"[The] inquiry need only be whether the jury was justified in finding the defendant school district negligent in failing to provide effective equipment to the student. The defendant argues that it cannot be liable, because the game was not authorized, and because it did not furnish any equipment, so it could not have furnished defective equipment. We have previously decided that the teachers were acting with apparent authority; thus, whether the game was authorized is not material. We also do not think that, because the defendant did not furnish any equipment to the students, it is absolved from liability for failing to provide effective equipment. Instead, we think a school district has an affirmative duty, where students are engaging in school activities, where they are extracurricular, or formally authorized as part of the school program, to furnish equipment to prevent serious injuries. At the least, a school district should furnish helmets and face guards for a game such as football, where head injuries are common and severe. Accordingly, we think the instant school district was negligent for failing to provide, at the least, helmets and face guards to the students. It is reasonably clear that the manifest weight of the evidence established negligence on the part of the defendant because it did not furnish any protective head gear or face gear to the students although it knew or should have known through its agents that an injury was foreseeable. Moreover, the failure to provide such equipment was a proximate cause of the plaintiff's injury." (Emphasis added.) 82 Ill. 2d at 434-35.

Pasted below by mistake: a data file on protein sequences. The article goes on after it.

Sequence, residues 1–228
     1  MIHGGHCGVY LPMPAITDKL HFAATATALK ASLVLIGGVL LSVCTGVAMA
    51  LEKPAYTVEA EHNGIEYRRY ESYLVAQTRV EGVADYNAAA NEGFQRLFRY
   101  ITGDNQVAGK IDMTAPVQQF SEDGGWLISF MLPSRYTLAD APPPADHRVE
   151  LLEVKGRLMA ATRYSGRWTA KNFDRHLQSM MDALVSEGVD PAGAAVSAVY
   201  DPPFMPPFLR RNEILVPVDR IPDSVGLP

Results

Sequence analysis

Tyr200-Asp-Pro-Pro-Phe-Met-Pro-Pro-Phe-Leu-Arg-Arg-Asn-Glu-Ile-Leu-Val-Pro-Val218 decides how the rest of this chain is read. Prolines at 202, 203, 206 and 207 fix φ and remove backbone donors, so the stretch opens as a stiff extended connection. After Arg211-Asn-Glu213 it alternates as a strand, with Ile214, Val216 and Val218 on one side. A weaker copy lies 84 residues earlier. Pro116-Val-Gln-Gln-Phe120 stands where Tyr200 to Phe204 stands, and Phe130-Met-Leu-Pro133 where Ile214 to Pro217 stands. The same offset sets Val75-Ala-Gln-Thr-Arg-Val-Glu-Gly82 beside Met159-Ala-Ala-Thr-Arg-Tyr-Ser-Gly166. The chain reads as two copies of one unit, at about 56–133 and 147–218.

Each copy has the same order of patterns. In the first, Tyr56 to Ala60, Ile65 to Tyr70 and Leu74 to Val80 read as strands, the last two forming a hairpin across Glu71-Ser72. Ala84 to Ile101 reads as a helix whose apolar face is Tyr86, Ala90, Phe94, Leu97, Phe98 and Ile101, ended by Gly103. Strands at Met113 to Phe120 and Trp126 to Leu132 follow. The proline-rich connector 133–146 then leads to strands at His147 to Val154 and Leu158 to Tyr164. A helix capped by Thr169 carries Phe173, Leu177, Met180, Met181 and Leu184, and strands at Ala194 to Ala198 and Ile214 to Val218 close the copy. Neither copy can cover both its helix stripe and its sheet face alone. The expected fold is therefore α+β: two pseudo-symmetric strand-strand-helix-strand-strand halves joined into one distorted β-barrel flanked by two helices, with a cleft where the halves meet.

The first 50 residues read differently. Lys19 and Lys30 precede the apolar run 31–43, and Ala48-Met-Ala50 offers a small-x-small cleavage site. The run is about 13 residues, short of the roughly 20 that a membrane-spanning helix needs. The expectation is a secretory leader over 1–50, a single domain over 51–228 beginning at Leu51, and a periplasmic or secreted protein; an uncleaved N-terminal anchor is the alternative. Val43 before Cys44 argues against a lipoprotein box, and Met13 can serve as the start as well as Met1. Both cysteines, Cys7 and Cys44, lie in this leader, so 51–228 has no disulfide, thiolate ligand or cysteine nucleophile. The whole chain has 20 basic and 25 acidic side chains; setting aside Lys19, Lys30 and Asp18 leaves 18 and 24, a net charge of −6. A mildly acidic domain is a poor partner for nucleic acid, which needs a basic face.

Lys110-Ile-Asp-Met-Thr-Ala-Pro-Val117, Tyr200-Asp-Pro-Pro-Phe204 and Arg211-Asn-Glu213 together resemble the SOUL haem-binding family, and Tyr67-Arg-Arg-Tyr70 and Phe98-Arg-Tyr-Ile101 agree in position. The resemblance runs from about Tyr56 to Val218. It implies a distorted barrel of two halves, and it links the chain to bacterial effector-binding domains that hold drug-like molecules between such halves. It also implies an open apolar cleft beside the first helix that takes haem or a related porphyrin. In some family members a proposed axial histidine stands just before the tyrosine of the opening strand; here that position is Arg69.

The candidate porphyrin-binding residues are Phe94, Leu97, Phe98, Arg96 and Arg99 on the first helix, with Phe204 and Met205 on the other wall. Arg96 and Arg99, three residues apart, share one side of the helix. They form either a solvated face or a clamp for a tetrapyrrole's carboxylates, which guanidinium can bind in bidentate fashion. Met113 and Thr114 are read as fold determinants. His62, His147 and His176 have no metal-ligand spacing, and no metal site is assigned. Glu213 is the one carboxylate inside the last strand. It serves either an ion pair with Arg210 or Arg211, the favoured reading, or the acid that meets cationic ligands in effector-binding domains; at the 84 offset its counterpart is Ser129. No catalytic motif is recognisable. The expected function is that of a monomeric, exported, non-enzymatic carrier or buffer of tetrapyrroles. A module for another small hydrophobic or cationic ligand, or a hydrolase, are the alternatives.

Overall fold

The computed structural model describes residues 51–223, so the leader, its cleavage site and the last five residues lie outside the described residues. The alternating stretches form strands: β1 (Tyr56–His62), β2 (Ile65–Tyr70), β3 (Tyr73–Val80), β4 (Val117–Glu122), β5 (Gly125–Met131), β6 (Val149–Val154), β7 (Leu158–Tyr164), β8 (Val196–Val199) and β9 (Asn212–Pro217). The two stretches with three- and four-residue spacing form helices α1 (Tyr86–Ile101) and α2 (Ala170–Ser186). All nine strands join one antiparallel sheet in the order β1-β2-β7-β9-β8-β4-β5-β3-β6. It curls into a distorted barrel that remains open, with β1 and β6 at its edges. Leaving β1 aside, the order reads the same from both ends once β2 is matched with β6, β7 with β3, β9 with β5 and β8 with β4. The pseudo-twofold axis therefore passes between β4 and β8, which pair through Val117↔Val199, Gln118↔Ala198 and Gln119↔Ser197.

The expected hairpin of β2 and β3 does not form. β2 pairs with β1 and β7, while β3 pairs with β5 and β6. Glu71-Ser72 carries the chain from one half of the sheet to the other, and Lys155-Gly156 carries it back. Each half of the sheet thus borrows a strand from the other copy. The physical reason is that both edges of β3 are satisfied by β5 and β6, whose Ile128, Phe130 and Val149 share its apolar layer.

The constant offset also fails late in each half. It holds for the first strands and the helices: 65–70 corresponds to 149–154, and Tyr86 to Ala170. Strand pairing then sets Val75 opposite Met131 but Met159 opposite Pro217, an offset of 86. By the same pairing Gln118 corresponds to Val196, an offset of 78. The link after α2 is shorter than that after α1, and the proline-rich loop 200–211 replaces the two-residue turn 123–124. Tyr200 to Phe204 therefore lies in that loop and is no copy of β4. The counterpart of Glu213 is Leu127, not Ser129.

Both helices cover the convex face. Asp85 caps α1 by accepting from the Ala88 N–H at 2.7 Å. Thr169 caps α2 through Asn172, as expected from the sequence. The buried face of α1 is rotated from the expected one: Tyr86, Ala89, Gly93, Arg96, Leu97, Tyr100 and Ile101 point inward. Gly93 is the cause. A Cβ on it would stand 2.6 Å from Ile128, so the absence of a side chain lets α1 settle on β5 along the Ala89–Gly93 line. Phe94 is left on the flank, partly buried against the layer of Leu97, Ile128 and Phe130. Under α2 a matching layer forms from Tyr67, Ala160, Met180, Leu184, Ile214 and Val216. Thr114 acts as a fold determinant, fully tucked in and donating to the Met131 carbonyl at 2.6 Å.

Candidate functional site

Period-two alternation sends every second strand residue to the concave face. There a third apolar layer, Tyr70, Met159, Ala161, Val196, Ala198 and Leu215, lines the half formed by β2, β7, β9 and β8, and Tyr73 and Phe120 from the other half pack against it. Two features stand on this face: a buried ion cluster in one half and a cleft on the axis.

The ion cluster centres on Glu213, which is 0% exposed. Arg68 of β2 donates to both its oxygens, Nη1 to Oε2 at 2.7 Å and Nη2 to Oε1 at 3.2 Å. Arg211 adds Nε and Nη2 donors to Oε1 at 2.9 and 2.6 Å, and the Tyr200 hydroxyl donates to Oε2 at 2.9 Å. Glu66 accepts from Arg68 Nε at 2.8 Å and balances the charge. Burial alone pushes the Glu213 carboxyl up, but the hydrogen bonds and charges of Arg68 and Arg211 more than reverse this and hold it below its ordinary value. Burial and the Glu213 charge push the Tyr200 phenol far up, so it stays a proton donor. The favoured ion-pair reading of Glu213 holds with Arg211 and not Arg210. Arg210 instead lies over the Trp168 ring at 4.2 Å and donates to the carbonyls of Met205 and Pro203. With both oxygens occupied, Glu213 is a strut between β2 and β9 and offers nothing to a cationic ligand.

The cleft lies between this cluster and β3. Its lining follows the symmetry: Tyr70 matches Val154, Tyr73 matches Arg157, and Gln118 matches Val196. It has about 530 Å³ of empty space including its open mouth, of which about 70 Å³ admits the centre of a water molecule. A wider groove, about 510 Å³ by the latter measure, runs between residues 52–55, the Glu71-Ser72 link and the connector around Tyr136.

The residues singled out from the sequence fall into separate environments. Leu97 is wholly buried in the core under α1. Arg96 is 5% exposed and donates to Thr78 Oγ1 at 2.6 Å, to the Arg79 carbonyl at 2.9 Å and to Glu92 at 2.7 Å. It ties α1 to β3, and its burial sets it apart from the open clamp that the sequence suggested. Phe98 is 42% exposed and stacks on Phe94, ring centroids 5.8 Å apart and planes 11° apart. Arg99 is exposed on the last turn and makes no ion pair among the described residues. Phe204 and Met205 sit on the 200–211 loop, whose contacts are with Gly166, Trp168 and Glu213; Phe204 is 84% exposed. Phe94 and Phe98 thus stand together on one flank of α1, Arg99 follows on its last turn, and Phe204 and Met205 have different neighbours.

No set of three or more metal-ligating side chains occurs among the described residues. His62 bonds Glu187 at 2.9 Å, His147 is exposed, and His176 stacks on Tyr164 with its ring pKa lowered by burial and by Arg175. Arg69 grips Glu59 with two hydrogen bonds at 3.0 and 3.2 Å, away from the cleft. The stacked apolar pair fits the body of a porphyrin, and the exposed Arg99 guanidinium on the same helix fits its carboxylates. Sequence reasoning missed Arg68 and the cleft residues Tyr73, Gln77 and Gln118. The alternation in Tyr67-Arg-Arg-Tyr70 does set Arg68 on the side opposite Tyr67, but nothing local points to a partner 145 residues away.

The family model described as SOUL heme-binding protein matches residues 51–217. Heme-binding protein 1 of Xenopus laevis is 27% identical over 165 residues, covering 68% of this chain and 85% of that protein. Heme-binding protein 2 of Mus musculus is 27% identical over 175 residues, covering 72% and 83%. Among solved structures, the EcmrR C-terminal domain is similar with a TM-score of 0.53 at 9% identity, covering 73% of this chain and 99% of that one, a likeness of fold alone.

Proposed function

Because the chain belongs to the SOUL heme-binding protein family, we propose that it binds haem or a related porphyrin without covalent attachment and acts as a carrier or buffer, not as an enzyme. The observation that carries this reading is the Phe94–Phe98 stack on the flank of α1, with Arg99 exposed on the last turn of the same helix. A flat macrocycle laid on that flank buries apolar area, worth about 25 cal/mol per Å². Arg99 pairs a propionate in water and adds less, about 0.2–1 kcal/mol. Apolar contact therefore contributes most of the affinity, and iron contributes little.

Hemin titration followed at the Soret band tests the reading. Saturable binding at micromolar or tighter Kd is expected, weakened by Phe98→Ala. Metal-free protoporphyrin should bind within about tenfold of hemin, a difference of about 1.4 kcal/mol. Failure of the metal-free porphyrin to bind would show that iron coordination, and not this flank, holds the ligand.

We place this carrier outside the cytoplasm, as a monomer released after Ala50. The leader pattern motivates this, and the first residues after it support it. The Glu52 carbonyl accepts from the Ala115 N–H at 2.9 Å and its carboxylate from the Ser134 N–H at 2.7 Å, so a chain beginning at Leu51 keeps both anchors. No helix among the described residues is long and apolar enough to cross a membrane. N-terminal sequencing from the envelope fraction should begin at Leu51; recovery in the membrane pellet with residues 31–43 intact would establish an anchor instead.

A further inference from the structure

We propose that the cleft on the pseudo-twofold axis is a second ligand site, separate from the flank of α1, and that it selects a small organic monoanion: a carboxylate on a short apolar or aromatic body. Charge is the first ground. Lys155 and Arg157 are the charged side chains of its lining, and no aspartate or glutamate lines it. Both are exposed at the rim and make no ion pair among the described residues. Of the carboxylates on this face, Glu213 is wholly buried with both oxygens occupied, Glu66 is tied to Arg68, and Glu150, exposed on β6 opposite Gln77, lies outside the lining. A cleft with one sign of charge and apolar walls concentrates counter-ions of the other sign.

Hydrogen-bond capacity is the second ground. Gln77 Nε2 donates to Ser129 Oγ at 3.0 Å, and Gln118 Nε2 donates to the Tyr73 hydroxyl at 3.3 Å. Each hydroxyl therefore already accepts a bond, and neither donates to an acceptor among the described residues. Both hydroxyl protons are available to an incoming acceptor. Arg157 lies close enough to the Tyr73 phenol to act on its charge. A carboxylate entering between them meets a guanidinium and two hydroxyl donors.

In the case at bar, plaintiff's complaint alleged that the defendants negligently failed to properly provide plaintiff oxygen, water and medical assistance, all of which were required un der Lynch.
For the foregoing reasons, it is my opinion that the trial court erred in dismissing plaintiff's complaint on the ground that it failed to allege facts which imposed a duty on defendants and because of public policy. The trial court's dismissal order should be reversed. Accordingly, I Dissent.